How Thomas and the University of Sunderland is helping fill the skills gap

Thomas Gilling

Published on 30 November 2018

Apprentices from the University of Sunderland are playing a pivotal role in helping fill a skills shortage across the North East.

There are currently 19 apprentices from the University working for 11 different companies across the area.

They are bringing their multitude of skills to the automobile industry, the medical profession and, among others, yellow goods companies like Caterpillar and Komatsu.

Dave Knapton, Principal Lecturer and the Engineering Academic Team Leader within the Faculty of Technology at the University, said: “Here at the University we have the opportunity to take apprentices, already working for some of the region’s biggest companies, and fast-track them.

“As they spend time with us they increase in their capability and aptitude, As a result, the companies our apprentices work for also benefit.

“Among other things, there is a massive shortage of engineers out there so there is a real need to fill this skills gap.”

One of those helping fill that gap is Thomas Gilling, 20, from Wingate, in County Durham. Thomas has worked at Caterpillar Ltd in Peterlee as an apprentice since he was just 16 years old.

He has been studying his Higher National Certificate (HNC) at Hartlepool College of Further Education for the past two years and has just enrolled at the University of Sunderland in order to complete his degree in Electrical Engineering.

Thomas, a former pupil at Shotton Hall School, left school at 16 to take up an apprenticeship with the County Durham-based company.

 

He said: “Even from being very young it was my target to work for Caterpillar, it was just something I wanted to do.

“For the first year of my apprenticeship I was in fulltime study at college.

“Now, I come into the University of Sunderland one day a week which I’m really enjoying doing. It’s interesting because I’m not used to being so independent so it’s nice to have that freedom a student has every Friday.”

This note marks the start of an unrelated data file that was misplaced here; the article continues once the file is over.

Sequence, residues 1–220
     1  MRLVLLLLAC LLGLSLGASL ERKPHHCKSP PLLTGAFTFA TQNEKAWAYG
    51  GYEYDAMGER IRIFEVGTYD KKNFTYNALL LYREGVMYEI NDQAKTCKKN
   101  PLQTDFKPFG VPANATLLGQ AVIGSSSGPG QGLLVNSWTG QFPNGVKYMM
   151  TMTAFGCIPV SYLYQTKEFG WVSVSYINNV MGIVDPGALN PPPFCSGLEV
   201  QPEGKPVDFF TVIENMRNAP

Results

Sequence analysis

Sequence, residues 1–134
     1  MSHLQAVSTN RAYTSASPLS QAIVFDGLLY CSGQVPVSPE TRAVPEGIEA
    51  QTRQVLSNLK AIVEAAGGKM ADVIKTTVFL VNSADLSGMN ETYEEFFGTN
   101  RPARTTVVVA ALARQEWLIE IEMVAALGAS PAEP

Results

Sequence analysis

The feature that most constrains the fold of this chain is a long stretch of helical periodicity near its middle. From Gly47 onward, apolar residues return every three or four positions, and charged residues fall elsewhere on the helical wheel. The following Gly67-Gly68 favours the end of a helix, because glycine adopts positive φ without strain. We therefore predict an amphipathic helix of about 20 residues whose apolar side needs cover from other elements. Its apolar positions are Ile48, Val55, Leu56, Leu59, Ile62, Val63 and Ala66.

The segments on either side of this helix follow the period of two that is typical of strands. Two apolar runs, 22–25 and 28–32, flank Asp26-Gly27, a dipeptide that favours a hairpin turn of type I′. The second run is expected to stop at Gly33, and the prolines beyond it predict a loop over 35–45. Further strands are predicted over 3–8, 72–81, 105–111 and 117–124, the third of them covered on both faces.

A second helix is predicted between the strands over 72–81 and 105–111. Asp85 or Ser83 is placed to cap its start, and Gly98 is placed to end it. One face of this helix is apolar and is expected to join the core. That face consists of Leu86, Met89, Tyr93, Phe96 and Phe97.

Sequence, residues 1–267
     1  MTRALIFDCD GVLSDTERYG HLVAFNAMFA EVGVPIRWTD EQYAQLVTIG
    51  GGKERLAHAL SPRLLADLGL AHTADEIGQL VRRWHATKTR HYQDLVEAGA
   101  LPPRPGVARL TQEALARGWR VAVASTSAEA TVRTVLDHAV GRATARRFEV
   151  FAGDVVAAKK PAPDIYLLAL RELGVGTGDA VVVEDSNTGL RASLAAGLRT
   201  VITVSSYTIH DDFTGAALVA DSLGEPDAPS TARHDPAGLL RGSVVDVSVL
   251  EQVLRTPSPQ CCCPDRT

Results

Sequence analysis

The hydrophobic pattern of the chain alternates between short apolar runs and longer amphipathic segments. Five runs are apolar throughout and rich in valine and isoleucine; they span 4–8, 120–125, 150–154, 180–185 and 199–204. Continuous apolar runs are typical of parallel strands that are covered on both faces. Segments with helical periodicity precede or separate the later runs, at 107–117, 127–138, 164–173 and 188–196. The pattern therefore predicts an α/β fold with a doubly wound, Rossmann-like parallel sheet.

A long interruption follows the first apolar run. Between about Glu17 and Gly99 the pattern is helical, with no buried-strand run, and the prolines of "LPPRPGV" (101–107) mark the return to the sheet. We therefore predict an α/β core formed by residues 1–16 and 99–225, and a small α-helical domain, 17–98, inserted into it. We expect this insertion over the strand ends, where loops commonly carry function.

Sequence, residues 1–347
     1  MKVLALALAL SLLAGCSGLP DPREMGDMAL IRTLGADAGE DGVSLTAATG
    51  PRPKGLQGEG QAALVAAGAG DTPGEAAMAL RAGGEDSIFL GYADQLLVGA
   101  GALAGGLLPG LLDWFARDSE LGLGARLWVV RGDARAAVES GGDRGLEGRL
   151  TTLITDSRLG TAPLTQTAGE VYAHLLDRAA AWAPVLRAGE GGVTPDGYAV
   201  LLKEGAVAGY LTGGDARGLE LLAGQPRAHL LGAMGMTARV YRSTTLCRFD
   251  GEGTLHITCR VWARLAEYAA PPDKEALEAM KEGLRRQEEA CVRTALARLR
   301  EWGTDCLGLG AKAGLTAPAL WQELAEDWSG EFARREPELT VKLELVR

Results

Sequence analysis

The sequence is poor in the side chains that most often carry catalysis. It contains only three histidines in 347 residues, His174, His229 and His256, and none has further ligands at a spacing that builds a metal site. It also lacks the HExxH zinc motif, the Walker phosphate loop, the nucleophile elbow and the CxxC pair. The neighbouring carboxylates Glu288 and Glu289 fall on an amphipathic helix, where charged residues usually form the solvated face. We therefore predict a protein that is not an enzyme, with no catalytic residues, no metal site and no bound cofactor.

Thomas says that, despite only being at the University for a few weeks, he has already learnt a lot.

He added: “It works so well because a lot of the things I’m learning I can take back with me to Caterpillar and start applying them straight away, so the company benefits. Equally, I can bring into university the ideas and work practices I’m using each day in my job. It’s a win-win situation.”

Through apprenticeship programmes the University helps students integrate academic study with practical experience in the workplace which can then lead to a Higher Education certificate, diploma or degree.

Greg Robson, Learning & Development Manager at Caterpillar, said: “Caterpillar Peterlee have had a long-standing partnership with the University of Sunderland and we are delighted to now be working with the Faculty of Technology where two of our employees have enrolled to study a BEng Engineering Practice Apprenticeship Degree.

“The support received by the University is consistently outstanding and we look forward to continuing to work with the University of Sunderland in supporting our employee’s development through higher education.”